LAB 6 - Michele Ahmadi: Systems Physiology Lab 6 Tues-...

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Michele Ahmadi: Systems Physiology Lab 6 Tues- 6:40-10:00, Jen 1 Electrocardiogram and Blood Pressure Abstract Electrical impulses of the heart can be recorded by an ECG and then used to assess the condition of the heart. Standard limb leads recorded the difference in electrical potentials between strategically placed electrodes, and a single resulting ECG waveform was measured. Measurements were done with time segments and analyzed for deviations from the allotted normal time durations. The subject was within normal limits with an exception of a 0.005sec lower P-wave duration, and a 0.006sec lower S-T segment duration than normal. Heart rate and excitation-contraction delays were also calculated from the ECG readings, and were used to assess the condition of the heart. With an average range of 70-75 BPM for adult women, the subject fell within normal limits with a 72 BPM reading. Additionally, the QRS waves produced from the ECG reading was analyzed and graphed using Einthoven’s triangle to calculate the overall direction and magnitude of the electrical impulses conducted over the heart –the mean electrical axis. Our subject had a 80 o axis, which was within normal limits. Systolic and diastolic arterial blood pressure was measured using Korotkoff sounds, and was recorded as 124mmHg and 78mmHg respectively, which both were within normal ranges. Mean BP and pulse pressure were derived from systolic and diastolic blood pressures. Both ECG results and blood pressure readings were used as a means of non-invasive diagnostic tools. The monitoring aided in the detection of any potential arrhythmias, as well as providing a picture of the condition of the subject’s heart. Introduction The cardiovascular system of the body consists of the heart, its blood vessels and blood –with the heart providing the impetus for blood flow. The cardiovascular system integrates the body as a unit by providing a continuous stream of blood moving from the heart to every other part of the body. The vital role of the cardiovascular system in maintaining homeostasis depends on this continuous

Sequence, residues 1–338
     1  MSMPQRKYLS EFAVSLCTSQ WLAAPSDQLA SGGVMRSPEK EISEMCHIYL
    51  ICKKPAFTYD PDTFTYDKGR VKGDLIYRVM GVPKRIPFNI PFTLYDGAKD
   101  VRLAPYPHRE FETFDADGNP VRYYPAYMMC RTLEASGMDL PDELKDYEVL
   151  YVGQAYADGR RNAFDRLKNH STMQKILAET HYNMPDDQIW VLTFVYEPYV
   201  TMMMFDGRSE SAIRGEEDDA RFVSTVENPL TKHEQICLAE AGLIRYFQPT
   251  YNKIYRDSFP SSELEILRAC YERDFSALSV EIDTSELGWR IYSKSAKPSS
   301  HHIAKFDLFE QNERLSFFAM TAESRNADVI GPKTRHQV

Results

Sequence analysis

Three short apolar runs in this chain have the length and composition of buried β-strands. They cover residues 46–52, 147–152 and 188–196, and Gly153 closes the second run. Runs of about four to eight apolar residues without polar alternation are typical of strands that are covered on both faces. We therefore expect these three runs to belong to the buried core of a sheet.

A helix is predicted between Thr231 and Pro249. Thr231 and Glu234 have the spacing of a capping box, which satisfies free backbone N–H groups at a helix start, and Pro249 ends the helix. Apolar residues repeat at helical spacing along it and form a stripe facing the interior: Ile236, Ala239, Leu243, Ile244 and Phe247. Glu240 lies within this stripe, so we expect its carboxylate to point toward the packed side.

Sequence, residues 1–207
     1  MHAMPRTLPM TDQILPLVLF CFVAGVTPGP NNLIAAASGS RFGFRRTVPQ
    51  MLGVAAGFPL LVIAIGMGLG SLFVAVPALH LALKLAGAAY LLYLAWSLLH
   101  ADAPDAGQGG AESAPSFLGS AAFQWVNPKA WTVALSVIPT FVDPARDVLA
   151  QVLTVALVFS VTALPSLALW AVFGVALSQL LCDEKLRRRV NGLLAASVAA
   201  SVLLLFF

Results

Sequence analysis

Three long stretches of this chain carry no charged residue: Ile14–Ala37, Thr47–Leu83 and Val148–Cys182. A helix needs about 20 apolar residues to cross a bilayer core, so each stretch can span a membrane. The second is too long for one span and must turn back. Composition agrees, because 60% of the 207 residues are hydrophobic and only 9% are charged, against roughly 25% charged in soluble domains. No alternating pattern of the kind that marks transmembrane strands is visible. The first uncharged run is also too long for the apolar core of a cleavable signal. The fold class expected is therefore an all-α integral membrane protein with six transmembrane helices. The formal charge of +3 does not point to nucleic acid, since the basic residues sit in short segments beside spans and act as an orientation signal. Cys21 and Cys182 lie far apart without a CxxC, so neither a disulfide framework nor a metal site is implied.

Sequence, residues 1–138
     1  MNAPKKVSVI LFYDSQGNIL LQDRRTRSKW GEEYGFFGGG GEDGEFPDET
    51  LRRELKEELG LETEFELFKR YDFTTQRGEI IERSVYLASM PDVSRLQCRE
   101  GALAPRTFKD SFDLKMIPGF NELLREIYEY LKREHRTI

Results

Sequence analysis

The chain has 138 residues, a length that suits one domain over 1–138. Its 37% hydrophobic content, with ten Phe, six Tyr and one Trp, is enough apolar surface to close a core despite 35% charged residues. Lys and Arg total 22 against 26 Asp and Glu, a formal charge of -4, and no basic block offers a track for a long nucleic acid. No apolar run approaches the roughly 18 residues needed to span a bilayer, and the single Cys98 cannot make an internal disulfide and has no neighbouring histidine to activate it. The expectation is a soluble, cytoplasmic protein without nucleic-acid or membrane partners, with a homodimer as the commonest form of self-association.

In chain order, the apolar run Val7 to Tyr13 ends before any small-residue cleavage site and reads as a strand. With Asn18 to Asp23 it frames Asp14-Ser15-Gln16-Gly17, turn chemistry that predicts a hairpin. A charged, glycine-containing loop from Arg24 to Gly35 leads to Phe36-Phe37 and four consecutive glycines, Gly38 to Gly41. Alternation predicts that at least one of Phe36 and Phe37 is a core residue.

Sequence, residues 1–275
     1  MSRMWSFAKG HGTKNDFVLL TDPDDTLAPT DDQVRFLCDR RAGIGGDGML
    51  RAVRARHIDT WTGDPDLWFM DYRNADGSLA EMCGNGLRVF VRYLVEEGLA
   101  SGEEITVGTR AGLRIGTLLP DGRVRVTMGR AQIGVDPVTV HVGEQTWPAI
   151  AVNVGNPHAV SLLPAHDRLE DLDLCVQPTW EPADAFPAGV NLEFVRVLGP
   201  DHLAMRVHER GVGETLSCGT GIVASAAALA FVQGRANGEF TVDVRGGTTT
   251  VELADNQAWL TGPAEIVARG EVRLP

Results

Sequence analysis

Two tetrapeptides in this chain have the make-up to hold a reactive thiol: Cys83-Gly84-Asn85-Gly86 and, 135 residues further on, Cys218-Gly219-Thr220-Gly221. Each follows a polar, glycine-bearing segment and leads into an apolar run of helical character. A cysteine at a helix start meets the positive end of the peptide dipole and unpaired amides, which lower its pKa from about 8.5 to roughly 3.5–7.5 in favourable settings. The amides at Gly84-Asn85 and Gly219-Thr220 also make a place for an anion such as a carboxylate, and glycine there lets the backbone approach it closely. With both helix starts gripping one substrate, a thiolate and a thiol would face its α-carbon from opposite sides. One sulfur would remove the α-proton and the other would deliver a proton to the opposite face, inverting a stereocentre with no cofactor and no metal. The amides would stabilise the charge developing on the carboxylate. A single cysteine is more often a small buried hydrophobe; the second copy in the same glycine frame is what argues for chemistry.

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and controlled movement of blood through the transporting vessels that permeate every tissue and reach every cell. Numerous control mechanisms help to regulate and integrate the diverse functions and component parts of the cardiovascular system in order to supply blood to specific body areas according to need. These mechanisms ensure a constant internal environment surrounding each body cell regardless of differing demands. Monitoring heart-status can thus provide insight to various body conditions or disturbances within the heart itself that may disturb circulation and homeostasis. Of all the organs, the heart has a unique ability to contract by itself independent of any stimulation from the body. Because of a self-induced electrical pulsation, or automaticity, the heart is stimulated to contract and thus pump blood to the body organs. The normal electrical impulse of the heart begins in the sinoatrial node (SA node) which occupies the superior aspect of the right atrium. Because the SA node has an intrinsic rhythm, it is the “pacemaker”. If left to its inherent rhythmicity,
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This note was uploaded on 04/03/2008 for the course EX SCI 01:146:357 taught by Professor Merrill during the Spring '08 term at Rutgers.

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LAB 6 - Michele Ahmadi: Systems Physiology Lab 6 Tues-...

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